Dog panting is a normal behaviour in older dogs. However, there are times when excessive panting in older dogs is a sign of a serious disease. It is very normal to see an older dog panting.
Whenever a dog pants, it is a response to heat, excitement or energy outburst. Nonetheless, heavy and excessive panting is different and far more dangerous. In fact, it can be a sign that your dog is dangerously overheated or affected by a serious health problem. Learn about excessive panting in older dogs to know how to treat your dog if necessary.
Causes of excessive panting in older dogs
While panting is a natural mechanism to cool off a dog’s body, it can be a result of something else. Usually, “Dogs take ten to thirty breaths a minute depending on their size. Get to know what your dog’s everyday breathing and panting looks like so you’ll more quickly notice suspicious changes”, says Dr Amy Flowers.
Furthermore, here you have the most commons causes of excessive panting in older dogs:
Heatstroke: It is usual for a dog to start panting harder after exertion. However, some dogs (Boston terriers and pugs) are prone to breathing heavily due to their short snouts. But, panting is also a result of a heat stroke. A dog who has a thick coat suffer very often the effects of heat. This is perhaps the most common cause of excessive panting in dogs.
Chronic illnesses: There are a couple of chronic illnesses that can cause excessive panting in older dogs. The most common ones are heart failure, Cushing’s syndrome and respiratory disorders. Fortunately, it is possible to treat them, but for that, you need professional help.
Pain: Unfortunately, dogs can’t tell us easily when they are in pain. If you are not accustomed to your dog’s behaviour, you are going to struggle! Even though there are many signs of pain like enlarged pupils, lack of appetite, anxiety and restlessness, excessive panting is the most frequent one.
Medication: Your dog can also experience the side-effects of a drug. Drug allergies are a common cause of excessive panting in older dogs. So, if you believe that your dog is not assimilating the medicine properly, you may need to consider stopping the treatment.
Eclampsia is a rare cause of excessive panting in older dogs
Excessive panting in older dogs can also be a result of eclampsia. This is also known as ‘milk fever’ and it affects older nursing canine mothers. It is a dangerous condition that many dog owners don’t know about. The reason behind its danger is that it causes a low blood calcium level in your dog’s blood that leads to an inability to stand or walk, followed by tremors and excessive panting.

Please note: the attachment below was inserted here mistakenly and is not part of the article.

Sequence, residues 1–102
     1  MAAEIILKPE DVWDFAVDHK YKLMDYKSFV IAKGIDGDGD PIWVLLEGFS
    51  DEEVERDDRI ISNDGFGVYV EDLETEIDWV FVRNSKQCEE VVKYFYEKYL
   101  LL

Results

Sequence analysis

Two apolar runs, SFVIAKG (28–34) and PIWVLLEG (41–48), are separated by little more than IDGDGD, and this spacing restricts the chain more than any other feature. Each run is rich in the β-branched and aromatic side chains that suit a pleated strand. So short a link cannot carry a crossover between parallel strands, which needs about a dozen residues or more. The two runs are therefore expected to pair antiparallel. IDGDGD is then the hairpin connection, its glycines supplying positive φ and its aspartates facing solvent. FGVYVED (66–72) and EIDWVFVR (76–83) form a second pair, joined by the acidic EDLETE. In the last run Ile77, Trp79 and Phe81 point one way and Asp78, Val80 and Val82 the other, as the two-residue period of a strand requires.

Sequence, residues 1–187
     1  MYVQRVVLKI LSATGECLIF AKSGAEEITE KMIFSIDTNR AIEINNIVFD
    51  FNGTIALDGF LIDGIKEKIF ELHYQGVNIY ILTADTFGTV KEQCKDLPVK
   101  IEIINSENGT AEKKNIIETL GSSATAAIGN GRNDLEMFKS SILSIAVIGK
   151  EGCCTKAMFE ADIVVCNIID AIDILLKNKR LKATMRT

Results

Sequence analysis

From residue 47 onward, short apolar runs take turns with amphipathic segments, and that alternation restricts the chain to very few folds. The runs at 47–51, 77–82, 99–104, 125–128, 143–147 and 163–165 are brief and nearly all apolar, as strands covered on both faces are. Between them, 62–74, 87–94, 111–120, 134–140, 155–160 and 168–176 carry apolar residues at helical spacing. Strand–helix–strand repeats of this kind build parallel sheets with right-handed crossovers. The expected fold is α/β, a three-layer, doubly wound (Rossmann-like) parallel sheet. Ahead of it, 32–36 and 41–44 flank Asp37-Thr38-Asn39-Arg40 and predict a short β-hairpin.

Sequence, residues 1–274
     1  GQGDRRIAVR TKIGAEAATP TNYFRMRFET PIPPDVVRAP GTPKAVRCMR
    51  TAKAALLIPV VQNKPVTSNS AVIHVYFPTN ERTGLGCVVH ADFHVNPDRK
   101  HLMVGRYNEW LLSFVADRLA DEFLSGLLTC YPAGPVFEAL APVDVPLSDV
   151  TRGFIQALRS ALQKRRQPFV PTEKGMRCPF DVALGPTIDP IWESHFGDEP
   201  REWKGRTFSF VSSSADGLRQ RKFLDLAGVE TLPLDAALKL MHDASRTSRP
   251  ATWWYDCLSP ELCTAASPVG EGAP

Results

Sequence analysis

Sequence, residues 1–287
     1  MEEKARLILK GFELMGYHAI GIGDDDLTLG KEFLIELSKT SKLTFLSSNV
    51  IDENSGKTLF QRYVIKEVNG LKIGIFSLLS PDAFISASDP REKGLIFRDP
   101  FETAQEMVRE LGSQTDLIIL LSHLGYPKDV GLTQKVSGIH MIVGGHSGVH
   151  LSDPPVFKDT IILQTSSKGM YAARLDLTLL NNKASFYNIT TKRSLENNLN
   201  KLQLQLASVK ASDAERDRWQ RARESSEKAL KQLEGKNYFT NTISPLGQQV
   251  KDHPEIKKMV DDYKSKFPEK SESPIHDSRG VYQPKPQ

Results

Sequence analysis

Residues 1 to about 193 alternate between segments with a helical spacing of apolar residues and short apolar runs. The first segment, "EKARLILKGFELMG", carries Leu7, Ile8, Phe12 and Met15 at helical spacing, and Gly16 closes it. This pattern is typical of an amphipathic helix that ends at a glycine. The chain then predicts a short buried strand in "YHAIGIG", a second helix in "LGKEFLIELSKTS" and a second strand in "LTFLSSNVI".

If you have a female older dog, and she has had puppies, it is vital that you pay very close attention to her condition! Eclampsia can be deathly if not caught in time. So, if you notice any changes in the breathing of your dog, call your vet right away.
How to respond to excessive panting in older dogs?
Among the causes of excessive panting, heatstroke is the most common as already stated. Also, it is the one that you can treat right away. The rest will need more of a professional approach. If you are sure that your dog has a heat stroke, a quick response is life-saving. To know if this is the case, be on the lookout for excessive panting, weakness, glassy eyes, fast heart rate, drooling, vomiting, seizures and fever. If you can, take the rectal temperature. Your dog's temperature surpasses 40 °C, go immediately to the vet.
Here is what you can do to save your dog:
Move your dog to a shady and cool spot.
Submerge your dog in cool (not cold) water. You could also apply ice packs to your dog’s chest, neck, belly and head.
Give your dog cool (not cold) water. If he refuses, try with ice cubes.
Take another rectal temp to see if he is starting to cool down. Then take him straight to the vet.
Heatstroke can be avoided. Do not leave your dog in enclosed hot spaces or parked cars. Pets need shade and fresh water all day long (or at least during the hottest part of the day).
When do you know that excessive panting in older dogs is a problem?
First and foremost, remember that panting is normal for a dog who just exercised, he is hot or too excited. Nonetheless, there are times when excessive panting in older dogs is not normal like:
- When panting starts suddenly for no reason.
- If you think that your dog is in pain.
- Your dog has been panting non-stop for a long time.
- Your dog’s tongue and gums look blue, purple or white (lack of oxygen)
You need to be careful of excessive panting in older dogs. It may be a normal behaviour but you need to know when it is not.